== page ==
Chairman of India's Bajaj Auto Rahul Bajaj. Photo: AFP

Veteran industrialist Rahul Bajaj believes there is an atmosphere of fear in the country and people are afraid to criticize the government.

The chairman of Indian conglomerate Bajaj Group gave voice to his views at a corporate event on Saturday where Home Minister Amit Shah, Finance Minister Nirmala Sitharaman and Railways and Commerce Minister Piyush Goyal were also present.

His remark at the Economic Times awards event drew widespread applause from the audience from corporate India and prompted the home minister to contest the assessment while conceding that any such atmosphere needed to be removed.

Bajaj made the comment during the question-and-answer session when he was among the audience and the ministers were on the dais. “We are afraid…. This atmosphere is definitely on our minds, but nobody will talk about it, none of my industrialist friends, I will say that openly,” he said.

“You are doing good work but still we don’t have the confidence that if we can openly criticize you, it will be appreciated. I may be wrong, fine. But we all feel this way.”

The octogenarian industrialist referred to the incarceration on corruption charges of former finance minister P. Chidambaram, without naming him. In a veiled reference to the former minister he said someone who has not even been convicted has been languishing in jail for 100 days.

He also referred to the controversy over BJP parliamentarian Pragya Thakur’s alleged remarks in the Lok Sabha calling Nathuram Godse, the assassin of Mahatma Gandhi, a patriot.

“Today anybody can be called a patriot, you know: the man who shot Gandhiji,” he said. He noted that the ruling Bharatiya Janata Party had given the highly controversial Pragya Thakur a ticket to contest the recent general election.

“She won because of your support, no one knew her … then you brought her into the consultative committee. The prime minister had said that it would be difficult for him to forgive her, still you brought her into the parliamentary consultative committee for defense.”

The lawmaker has been facing trial for her alleged involvement in 2008 bomb blasts at Malegaon in the state of Maharashtra. On Wednesday, Pragya Thakur courted another controversy with her remarks in the Lower House of Parliament when an opposition party parliamentarian, A Raja, narrated a statement of Nathuram Godse before a court on why he killed Mahatma Gandhi.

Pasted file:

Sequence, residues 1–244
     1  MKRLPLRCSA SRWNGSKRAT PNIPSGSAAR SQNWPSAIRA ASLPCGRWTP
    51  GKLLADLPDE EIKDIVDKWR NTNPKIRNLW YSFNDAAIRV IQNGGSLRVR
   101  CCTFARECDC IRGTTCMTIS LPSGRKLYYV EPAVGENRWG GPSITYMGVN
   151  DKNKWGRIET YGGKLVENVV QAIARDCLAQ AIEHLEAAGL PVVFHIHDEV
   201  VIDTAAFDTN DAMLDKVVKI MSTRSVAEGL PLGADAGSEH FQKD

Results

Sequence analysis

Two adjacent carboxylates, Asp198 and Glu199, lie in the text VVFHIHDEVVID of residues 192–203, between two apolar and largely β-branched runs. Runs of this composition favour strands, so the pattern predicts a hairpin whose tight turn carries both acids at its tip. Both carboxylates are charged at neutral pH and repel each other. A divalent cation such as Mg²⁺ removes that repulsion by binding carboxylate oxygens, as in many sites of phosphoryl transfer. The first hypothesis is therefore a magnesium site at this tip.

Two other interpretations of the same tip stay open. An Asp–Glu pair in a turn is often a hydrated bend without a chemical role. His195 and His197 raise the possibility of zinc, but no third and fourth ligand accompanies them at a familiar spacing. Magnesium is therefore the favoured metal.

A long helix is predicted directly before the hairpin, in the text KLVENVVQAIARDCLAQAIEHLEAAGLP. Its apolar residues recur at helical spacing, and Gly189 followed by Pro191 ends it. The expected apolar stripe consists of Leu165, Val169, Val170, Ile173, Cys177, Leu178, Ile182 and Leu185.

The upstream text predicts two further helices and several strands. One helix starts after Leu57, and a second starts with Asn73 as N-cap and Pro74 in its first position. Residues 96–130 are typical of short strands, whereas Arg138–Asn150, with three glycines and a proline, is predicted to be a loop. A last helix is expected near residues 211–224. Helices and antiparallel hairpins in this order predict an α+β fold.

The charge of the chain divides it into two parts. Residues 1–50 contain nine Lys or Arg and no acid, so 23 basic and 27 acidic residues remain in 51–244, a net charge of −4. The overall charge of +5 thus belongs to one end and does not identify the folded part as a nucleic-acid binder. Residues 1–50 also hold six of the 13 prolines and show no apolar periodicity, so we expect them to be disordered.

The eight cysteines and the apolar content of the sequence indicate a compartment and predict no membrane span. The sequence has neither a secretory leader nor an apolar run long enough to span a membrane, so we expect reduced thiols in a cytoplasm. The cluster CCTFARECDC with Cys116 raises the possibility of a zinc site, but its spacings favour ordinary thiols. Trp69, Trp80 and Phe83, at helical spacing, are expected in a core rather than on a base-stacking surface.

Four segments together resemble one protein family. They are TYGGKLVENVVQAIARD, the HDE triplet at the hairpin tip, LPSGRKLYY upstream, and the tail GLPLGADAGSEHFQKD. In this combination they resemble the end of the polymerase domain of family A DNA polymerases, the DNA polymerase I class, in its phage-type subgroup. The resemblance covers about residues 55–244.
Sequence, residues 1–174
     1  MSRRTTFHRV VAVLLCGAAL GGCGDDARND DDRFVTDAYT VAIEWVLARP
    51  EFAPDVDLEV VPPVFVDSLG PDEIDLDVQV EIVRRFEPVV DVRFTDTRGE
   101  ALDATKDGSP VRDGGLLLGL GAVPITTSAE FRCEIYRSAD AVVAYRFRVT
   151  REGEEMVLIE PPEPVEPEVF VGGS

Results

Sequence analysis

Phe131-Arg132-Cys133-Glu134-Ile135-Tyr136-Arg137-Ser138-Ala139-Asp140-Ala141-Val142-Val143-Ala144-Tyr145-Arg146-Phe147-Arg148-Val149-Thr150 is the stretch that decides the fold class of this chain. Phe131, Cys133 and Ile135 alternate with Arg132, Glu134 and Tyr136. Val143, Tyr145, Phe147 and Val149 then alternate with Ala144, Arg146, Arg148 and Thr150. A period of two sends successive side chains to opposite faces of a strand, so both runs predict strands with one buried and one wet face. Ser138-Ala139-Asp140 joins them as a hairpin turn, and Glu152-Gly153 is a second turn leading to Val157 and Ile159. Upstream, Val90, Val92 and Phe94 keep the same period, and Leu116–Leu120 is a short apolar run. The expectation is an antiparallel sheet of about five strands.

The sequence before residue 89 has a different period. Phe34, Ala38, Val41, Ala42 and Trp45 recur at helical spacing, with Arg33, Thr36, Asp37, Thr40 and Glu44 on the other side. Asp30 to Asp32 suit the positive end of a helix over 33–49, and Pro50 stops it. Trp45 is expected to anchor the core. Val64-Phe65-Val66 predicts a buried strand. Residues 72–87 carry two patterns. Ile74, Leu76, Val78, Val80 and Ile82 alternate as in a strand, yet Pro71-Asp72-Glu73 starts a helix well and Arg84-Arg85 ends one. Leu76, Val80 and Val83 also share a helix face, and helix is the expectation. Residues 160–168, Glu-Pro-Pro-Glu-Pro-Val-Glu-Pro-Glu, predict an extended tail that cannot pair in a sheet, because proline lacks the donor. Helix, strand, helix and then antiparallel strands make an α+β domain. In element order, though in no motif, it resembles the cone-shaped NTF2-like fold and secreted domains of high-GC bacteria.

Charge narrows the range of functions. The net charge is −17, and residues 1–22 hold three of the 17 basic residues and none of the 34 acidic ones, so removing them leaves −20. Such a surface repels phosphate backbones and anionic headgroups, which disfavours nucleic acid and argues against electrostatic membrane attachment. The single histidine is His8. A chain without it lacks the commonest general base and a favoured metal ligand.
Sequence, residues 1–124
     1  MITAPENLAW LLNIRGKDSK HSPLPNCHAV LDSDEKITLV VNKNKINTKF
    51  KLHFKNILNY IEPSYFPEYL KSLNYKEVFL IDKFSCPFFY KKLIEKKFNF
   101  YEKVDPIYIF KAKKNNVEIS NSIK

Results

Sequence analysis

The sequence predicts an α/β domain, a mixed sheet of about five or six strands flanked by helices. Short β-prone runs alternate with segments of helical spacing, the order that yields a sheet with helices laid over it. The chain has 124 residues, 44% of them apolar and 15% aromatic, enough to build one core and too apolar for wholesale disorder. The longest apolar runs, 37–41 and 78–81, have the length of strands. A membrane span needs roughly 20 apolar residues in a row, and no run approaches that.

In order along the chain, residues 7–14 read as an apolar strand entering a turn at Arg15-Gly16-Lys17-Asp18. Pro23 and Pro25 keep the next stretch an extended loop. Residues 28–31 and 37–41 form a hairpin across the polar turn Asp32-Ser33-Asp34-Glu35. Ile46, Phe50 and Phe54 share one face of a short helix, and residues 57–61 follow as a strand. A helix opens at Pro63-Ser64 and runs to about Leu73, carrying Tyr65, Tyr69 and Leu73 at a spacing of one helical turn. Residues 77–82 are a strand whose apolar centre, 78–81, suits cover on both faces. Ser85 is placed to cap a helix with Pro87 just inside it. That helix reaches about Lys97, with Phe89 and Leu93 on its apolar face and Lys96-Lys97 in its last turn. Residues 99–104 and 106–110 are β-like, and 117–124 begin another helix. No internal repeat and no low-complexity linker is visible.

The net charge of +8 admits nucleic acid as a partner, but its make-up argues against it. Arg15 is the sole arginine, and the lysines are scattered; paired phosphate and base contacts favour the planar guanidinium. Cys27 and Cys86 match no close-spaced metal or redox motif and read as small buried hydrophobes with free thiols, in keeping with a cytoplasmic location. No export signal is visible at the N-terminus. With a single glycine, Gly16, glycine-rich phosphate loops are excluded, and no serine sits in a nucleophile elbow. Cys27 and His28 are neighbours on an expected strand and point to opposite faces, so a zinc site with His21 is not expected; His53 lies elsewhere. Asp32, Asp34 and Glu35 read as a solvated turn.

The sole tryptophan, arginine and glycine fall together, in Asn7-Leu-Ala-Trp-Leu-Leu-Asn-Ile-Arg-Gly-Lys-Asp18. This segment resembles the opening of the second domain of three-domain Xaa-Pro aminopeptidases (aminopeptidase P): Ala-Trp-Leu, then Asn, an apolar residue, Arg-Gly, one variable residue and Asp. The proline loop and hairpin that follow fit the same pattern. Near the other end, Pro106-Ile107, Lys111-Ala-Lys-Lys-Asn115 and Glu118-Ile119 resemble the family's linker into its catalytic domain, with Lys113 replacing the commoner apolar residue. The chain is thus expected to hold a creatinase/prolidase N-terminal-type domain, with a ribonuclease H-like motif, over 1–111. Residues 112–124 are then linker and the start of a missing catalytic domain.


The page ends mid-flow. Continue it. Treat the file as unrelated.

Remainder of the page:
The ruling Bharatiya Janata Party barred her from attending its parliamentary party meeting in the ongoing session and removed her from the consultative committee on defense.

“I cannot speak for everyone,” Bajaj said, “but I should not be saying this. People are laughing that, ‘Go and get hanged.’”

He remarked there is an air of intolerance in the country with recurring incidents of lynching over the transportation and  consumption of beef in the country, while hardly anyone has been convicted.

In his response Home Minister Amit Shah said there was no need to fear but if Bajaj felt so, then “we will have to make an effort to improve the atmosphere.”

Shah said “We have done nothing to be concerned about any criticism.… The government has run in the most transparent way, and we have no fear of any kind of opposition. If anyone criticizes us, we will look at the merit of the same and make efforts to improve ourselves.”

The minister said lynching incidents have happened earlier and continue to happen today, “perhaps fewer than before. But this is not correct that no one has been convicted. Many have been convicted and sentenced, but it does not appear in the media.”

Amit Shah also pointed out that newspapers have written a lot against Narendra Modi. “We have been the most written against, but still, as you are saying, if an atmosphere has been created, we too will have to make an effort to improve it. But I want to say that no one needs to be afraid,” he added.

Rahul Bajaj has been one of those rareindustrialists who have never pulled their punches while attacking government policies. He was vocal even during the previous Congress party-led regime. In those days, he observed on Saturday, “we could abuse anybody” without fear of repercussions.

A few months ago he expressed concern over the downturn faced by India’s auto industry. He remarked, “There is no demand and no private investment, so where will growth come from? It doesn’t fall from the heavens. The auto industry is going through a very difficult period. Cars, commercial vehicles, and two-wheelers are going through a rough patch.”

He and his son Rajiv Bajaj are some of the few voices from corporate India that criticized the government’s move to ban high-value currency notes in 2016. Though it is now widely acknowledged that the move crippled many industries and affected the country’s gross domestic product growth, criticism has been very muted among the country’s industrialists.

GDP free fall

Meanwhile India’s Gross Domestic Product continued its downward spiral for the seventh consecutive quarter, falling to 4.5% in the second quarter (July-September) of the year 2019-20. This is a fall of 0.5% points compared with the last quarter.

Compared with the second quarter of the year 2018-19, it is a fall of 2.6 per cent points. In the second quarter of the previous year, the GDP growth stood at 7.1%.

The GDP growth seen in the last quarter was the slowest in more than six years. The previous low was recorded at 4.3 per cent in the final quarter (January-March) of 2012-13.

The slowdown in economic growth has taken away from India the tag of world’s fastest growing major economy, which now belongs to China. India’s growth rates in the Q4 2018-19 and Q1 2019-20 were slower than those of China, which is a much bigger economy.

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